CVS, SubVersion, Mercurial: control version software comparison

CVS

CVS is the ancestor of all the today’s fancy control version software: SVN, GIT, Bazaar, Mercurial, etc.

CVS is used with command line tool: “cvs”

CVS work with a “repository” this is specified with the command line switch “-d” or using the shell variable CVSROOT

The most common command are:

  • create a repository: cvs init
  • initial import: cvs import “$program_name” “$author_name” “$initial_tag”

example: cvs import helloworld agx 0.0.1-alpha

  • local checkout: cvs checkout
  • remote checkout: cvs login ; cvs get $module_name
  • commit: cvs commit
  • check what you changed: cvs status
  • add files: cvs add $file_names
  • post your changes: cvs commit
  • set a tag release: cvs tag $tag_name

SubVersion

SubVersion is an evolution of CVS to work better across multiple developers and with branches and tags.

CVS is a bit of pain when using multiple developers because you have to costantly lock and unlock the files you’re modifying or when you handling many tags and branches.

SubVersion provider more features then CVS at the cost of just learning a few more command line switches to work with revisions, tags and branches.

SubVersion is far better then CVS at handling binary files and to add, delete and move files inside the repository.

SubVersion usage is transparent: just replace “cvs” with “svn” and 99% of the usage is the same.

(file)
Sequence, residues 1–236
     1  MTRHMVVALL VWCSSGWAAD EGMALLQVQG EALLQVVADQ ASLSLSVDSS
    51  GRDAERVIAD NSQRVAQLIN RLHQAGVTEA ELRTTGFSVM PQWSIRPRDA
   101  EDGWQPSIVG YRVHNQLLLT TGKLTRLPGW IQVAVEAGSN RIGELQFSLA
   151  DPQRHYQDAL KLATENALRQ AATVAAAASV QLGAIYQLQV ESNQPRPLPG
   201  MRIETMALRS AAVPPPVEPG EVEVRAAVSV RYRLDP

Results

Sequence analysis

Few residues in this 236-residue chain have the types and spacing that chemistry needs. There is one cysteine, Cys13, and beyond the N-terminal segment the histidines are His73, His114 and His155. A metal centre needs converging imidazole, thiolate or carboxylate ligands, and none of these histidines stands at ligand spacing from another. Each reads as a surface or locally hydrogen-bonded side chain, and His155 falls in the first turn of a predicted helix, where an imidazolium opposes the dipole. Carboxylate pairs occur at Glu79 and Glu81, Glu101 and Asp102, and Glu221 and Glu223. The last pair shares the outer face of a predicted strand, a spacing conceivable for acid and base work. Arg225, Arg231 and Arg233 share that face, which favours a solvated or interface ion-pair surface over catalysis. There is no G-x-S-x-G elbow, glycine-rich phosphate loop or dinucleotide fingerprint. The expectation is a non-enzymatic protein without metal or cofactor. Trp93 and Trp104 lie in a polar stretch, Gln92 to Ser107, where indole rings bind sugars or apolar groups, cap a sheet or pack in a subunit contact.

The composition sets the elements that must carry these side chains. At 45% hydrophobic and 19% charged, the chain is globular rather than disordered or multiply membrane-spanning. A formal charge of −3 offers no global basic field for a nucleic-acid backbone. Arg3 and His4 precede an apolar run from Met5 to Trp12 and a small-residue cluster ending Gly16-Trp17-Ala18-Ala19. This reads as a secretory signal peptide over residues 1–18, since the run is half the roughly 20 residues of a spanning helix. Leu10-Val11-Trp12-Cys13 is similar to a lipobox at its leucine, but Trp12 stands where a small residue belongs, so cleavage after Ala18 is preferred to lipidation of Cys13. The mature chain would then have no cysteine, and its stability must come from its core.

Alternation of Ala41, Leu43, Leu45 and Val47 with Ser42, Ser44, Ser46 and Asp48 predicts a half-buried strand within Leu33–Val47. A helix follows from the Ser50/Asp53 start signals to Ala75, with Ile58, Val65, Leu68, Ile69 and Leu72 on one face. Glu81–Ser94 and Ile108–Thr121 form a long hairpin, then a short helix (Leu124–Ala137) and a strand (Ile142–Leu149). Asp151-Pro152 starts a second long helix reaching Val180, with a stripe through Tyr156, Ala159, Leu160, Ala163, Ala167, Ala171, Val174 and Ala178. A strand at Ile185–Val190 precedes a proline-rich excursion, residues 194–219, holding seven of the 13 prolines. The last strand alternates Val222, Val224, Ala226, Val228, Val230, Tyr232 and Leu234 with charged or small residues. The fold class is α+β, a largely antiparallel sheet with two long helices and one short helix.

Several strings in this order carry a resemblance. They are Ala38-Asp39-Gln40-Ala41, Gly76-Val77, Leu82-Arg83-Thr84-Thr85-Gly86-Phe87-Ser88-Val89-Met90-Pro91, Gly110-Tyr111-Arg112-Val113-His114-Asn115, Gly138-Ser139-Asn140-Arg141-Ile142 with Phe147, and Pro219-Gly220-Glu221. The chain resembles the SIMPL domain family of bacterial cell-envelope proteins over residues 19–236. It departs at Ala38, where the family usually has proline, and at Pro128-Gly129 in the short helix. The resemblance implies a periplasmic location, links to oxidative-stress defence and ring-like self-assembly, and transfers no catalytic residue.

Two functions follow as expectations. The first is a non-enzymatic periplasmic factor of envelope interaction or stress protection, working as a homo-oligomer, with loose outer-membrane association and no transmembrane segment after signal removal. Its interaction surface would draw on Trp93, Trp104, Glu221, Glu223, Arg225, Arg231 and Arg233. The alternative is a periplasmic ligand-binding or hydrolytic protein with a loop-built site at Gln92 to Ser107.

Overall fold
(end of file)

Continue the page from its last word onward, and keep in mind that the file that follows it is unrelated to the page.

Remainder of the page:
Mercurial

Mercurial introduce some new things that subversion and CVS does not have.

First of all the repository is stored withing a single folder called .hg withing the root of your project, so no more filesystem pollution of directory called .cvs or .svn everywhere around.

The real innovation of Mercurial is that all the checkout and commit operation are now local to your own copy of the repository. Indeed there are two new commands to syncronize your copy of the source with the rest of the world.

It seems working like it create a custom branch of the source for you whenever you pull them from the NET.

Also you can send you changes to other repository that can be the official project repository or to some other friends that is working on the project too.

Mercurial has got some bad review because of this because it breaks the paragdmi of “Release Often” of the Open Source community. In my opinion instead this is a great feature that allow people to work more relaxed on “trunk” revision without other people breaking your code every 2 minutes.

Like CVS and Subversion Mercurial work transparently, just change “cvs” or “svn” with the new command “hg” and 99% of the usage is the same.

There are two new functions:

  • checkout from the NET: cvs pull $repository_url
  • commit to the NET: cvs push $repository_url

TIPS: Format of the remote URL when using SSH

You should be a bit carefull when using SSH for cloning a remote URL since it requires an extra slash. The format is: hg clone ssh://user@server/path. But path is usually a full patch and not a relative path so basically you need a doubled slash like in this example: hg clone ssh://agx@badpenguin.org//usr/src/website

 

CVS, SubVersion, Mercurial: control version software comparison, 4.0 out of 5 based on 3 ratings

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